The following post, written by The Rev. Robert A. Franek, is a part of Politicus Policy Discussion, in which writers draw connections between real lives and public policy.
The Republican presidential primary failed. Donald Trump’s nomination despite his sheer unfitness for the office in both knowledge and temperament is evidence of that. This failure is exacerbated by the revelations of his long history of sexual predatory behavior.
Nevertheless, the nomination of Donald Trump by a major party to the highest office in the country is also the fruition of years of Republican policy and rhetoric. It is no accident that a sexist, misogynistic, xenophobic, Islamophobic, bigot won the primary.
This combination of failure and fruition has made the Trump campaign coverage hard to watch and stomach. This is to say nothing of the multiple biases and false equivalencies that have framed much of the media’s coverage of the campaigns.
As a person who cares deeply about the political process, our country’s future, and the well-being of people, planet, and all creation, I find at least these three reasons for why this coverage is hard to watch.
- Democracy requires two parties and when one is imploding in conflict the whole system fails.
- The psychic stress of absorbing the conflict within the Republican party, and the hate speech, inhumanity, deplorableness, etc. spewed by the nominee at rallies and in petulant tweets.
- The time, effort, energy, resources of every kind dealing with travesties, rather than issues that help people.
This system failure has been playing out in various ways for years: countless votes to repeal the Affordable Care Act and the failure to give Justice Merrick Garland a hearing and vote on his nomination to the Supreme Court among them. However, as the Republican Party reaches new lows in contending with their nominee for president, the two party system that is supposed to hold differing philosophies in healthy tension has fallen apart. Now, rather than a contest of ideas and principles, we face saving the country from a hot-tempered, thinned-skinned, sexual predator.
The psychic stress of listening to Donald Trump’s hate speech and the countless surrogates defending it on news outlets on a daily basis cannot be underestimated. More, the endless repetition of his rally soundbites, debate answers, and tweets further engrains the horrific into our collective psyche and we risk a normalizing of this hate and violence. This psychic stress is further compounded as we see how Trump’s speech is affecting children.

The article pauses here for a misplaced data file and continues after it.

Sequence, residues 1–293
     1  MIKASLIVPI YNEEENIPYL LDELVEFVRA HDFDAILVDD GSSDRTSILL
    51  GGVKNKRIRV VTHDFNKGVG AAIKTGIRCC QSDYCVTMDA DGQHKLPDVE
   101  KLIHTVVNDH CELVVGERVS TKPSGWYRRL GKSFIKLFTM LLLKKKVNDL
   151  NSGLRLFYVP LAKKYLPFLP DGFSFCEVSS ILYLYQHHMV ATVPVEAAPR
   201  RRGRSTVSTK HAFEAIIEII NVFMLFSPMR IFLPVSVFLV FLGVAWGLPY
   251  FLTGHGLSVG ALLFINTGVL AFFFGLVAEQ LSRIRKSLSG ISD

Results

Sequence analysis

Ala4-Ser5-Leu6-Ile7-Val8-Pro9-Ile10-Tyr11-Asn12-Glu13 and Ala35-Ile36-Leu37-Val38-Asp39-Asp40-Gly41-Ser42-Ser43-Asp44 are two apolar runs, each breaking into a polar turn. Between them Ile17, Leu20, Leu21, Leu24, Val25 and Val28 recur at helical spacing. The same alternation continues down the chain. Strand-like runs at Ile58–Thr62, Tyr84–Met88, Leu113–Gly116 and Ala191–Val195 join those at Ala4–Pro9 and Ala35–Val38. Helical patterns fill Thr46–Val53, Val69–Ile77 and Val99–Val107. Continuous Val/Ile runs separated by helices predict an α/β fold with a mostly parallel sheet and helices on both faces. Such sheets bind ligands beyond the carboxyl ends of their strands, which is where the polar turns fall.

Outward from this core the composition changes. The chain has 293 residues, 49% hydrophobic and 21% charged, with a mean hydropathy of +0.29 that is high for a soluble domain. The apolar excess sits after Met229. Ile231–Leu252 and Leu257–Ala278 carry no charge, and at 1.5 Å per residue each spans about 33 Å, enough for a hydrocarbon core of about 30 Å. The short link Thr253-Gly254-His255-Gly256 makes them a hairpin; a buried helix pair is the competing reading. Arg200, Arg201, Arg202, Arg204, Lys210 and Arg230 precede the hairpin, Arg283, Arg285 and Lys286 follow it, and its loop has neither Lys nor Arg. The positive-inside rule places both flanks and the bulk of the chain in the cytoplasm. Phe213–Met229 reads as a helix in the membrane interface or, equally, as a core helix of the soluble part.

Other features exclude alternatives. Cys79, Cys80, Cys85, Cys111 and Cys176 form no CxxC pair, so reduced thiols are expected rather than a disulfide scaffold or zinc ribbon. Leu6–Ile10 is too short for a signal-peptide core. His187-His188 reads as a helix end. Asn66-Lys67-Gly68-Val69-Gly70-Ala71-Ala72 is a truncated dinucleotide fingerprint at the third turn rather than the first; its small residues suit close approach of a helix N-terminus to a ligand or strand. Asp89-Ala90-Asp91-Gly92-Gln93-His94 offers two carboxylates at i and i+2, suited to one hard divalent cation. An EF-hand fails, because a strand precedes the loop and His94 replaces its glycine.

In the past ten days this psychic stress has reached the level of triggering the traumatic in the lives of countless women, as Donald Trump’s gloating over sexual harassment and denial of predatory behavior has caused several women to come forward after years of silence. In addition to the gut-wrenching sickness brought on by Trump’s words and actions, the minimizing, excusing, and dismissal of his behavior by many reveals a sadness beyond belief for our country. Defending the indefensible is indeed hard to watch and stomach.
As time, effort, energy, and resources of all kinds are devoted to the travesties of the Donald Trump campaign, they are likewise taken away from addressing the issues that people are struggling with each day, especially the most vulnerable ones among us. Issues like hunger and poverty are eclipsed by vile and vitriolic speech. The neighbor we are called to care for with compassion is denigrated by speech in service to fear. Rather than a discussion of substance, Trump is keeping fact-checkers occupied verifying his lunacy, absurdity, and wretched candidacy.
Democracy requires two parties working together with their competing ideas in service to the people and the common good of society and creation. As our country moves through the final weeks of this election season to Election Day, I pray we have the collective strength and courage to keep fighting for the values of equality, justice, and peace that are essential to the flourishing of life for all.